Obi-Wan Kenobe summed it up best after the planet Alderaan was destroyed by the Death Star: “I feel a great disturbance in the force.”

That’s how I felt Friday upon hearing words of the latest rounds of buyouts to hit the industry. At the Chicago Tribune, the axe began to fall for 80 newsroom employees, including managing editor for news Hanke Gratteau, Washington bureau chief Michael Tackett and public editor Tim McNulty (who, ironically, was the first reporter in the Trib’s Beijing bureau and left on the opening day of the Beijing Olympics). Although these are high profile people leaving the paper, the cuts go much deeper, including a number of veteran reporters, editors and photographers (a list is at the end of this link), like Ed Sherman, Skip Mylinski, Charles Osgood, Maria Mooshil, Barbara Rose. These folks were writers, photographers and editors who also gave the Tribune a sense of personality, something it desperately lacked several years ago.

Then, on top of that, I learn that the Detroit Free Press’s Joe Grimm has also agreed to a buyout there. There are hundreds of young journalists out there that owe their jobs to Joe and the help he has provided over the years. A real believer in recruiting and coaching, his was in essence a pioneer for the development of minority recruiting and talent development.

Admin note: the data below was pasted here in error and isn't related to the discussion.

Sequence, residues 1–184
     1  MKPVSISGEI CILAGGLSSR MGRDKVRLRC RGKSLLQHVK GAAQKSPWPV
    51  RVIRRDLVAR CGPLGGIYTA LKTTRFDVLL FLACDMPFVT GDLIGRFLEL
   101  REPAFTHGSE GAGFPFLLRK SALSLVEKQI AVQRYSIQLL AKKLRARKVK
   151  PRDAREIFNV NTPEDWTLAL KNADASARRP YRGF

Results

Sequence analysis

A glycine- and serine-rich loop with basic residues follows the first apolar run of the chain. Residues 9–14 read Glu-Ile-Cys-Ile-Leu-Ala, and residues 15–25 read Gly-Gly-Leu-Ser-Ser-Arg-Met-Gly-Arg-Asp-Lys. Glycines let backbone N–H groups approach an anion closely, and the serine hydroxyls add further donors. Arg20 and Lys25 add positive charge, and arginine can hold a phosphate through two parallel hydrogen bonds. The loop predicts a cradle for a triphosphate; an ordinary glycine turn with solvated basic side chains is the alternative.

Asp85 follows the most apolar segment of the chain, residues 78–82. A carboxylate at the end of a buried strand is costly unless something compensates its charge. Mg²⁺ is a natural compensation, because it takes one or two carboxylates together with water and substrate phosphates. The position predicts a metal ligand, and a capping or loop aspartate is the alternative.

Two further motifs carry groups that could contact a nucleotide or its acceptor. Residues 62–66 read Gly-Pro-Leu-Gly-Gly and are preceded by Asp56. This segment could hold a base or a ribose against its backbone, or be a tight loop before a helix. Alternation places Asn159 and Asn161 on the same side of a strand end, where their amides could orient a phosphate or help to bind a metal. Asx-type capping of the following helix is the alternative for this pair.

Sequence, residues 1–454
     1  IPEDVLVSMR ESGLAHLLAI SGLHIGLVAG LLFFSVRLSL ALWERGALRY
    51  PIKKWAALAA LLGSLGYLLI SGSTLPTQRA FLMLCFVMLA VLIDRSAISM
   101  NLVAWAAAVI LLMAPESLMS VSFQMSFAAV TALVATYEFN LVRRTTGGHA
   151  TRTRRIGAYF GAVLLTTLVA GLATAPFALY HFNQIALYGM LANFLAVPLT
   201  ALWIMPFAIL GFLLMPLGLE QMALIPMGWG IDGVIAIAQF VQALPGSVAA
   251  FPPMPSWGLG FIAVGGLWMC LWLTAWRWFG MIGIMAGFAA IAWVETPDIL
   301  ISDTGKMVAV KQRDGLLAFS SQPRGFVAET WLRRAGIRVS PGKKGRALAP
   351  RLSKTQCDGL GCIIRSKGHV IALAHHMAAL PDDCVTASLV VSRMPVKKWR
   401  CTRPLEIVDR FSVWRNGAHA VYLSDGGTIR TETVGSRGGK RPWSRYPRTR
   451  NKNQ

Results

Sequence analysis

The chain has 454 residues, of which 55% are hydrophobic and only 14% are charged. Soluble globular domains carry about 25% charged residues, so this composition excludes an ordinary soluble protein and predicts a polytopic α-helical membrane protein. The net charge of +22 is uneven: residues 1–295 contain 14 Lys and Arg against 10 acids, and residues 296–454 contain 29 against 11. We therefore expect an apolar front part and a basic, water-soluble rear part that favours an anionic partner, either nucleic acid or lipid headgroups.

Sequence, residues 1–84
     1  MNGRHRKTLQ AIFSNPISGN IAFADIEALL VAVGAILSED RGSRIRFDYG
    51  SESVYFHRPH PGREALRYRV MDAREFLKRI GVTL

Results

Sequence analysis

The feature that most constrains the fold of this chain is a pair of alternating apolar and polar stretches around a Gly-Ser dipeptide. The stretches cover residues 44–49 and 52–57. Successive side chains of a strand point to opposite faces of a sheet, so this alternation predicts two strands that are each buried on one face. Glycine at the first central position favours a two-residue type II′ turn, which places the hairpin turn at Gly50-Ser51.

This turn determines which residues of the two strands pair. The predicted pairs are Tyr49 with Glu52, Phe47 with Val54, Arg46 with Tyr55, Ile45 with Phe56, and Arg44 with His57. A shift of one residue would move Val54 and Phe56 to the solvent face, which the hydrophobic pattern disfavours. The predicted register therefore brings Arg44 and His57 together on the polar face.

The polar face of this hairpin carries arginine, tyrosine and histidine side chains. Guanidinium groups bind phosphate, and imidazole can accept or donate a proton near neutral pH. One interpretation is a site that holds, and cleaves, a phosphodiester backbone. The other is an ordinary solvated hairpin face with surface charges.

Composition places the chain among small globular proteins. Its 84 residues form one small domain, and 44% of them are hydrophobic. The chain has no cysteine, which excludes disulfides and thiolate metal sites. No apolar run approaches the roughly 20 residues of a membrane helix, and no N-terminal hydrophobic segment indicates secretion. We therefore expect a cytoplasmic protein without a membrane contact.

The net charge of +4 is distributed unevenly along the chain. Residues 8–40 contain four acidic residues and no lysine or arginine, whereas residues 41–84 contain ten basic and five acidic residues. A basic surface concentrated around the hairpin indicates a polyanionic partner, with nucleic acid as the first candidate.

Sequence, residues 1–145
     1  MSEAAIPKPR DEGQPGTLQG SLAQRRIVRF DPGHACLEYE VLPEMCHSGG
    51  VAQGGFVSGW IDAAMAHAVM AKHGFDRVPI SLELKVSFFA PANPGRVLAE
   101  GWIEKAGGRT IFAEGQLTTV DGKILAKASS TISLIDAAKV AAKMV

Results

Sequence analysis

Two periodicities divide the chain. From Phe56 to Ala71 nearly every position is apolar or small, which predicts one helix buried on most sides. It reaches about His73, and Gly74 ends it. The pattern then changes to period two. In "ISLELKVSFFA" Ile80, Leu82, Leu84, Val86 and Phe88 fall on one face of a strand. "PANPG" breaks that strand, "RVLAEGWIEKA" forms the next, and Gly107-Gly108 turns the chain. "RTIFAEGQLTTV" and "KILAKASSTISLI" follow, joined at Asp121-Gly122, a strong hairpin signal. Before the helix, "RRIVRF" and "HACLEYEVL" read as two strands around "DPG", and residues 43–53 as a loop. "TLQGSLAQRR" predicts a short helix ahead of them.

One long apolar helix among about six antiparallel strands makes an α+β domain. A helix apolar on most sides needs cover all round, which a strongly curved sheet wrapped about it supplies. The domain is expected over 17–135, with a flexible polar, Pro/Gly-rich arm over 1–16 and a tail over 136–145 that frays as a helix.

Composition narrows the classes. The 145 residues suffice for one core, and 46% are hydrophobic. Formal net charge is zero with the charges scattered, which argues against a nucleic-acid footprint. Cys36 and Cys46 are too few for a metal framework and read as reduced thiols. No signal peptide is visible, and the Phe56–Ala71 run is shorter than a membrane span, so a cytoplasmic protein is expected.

That’s an awful lot of talent and institutional knowledge lost in one day. And while I can understand the economic needs for such action, I can’t help but wonder if newspapers will be better because of it.

There has been a great disturbance in the force. We can only hope it hasn’t irreparably damaged the institution.

UPDATE: Some pretty sobering numbers from Mark Potts and Erica Smith. Dark days indeed


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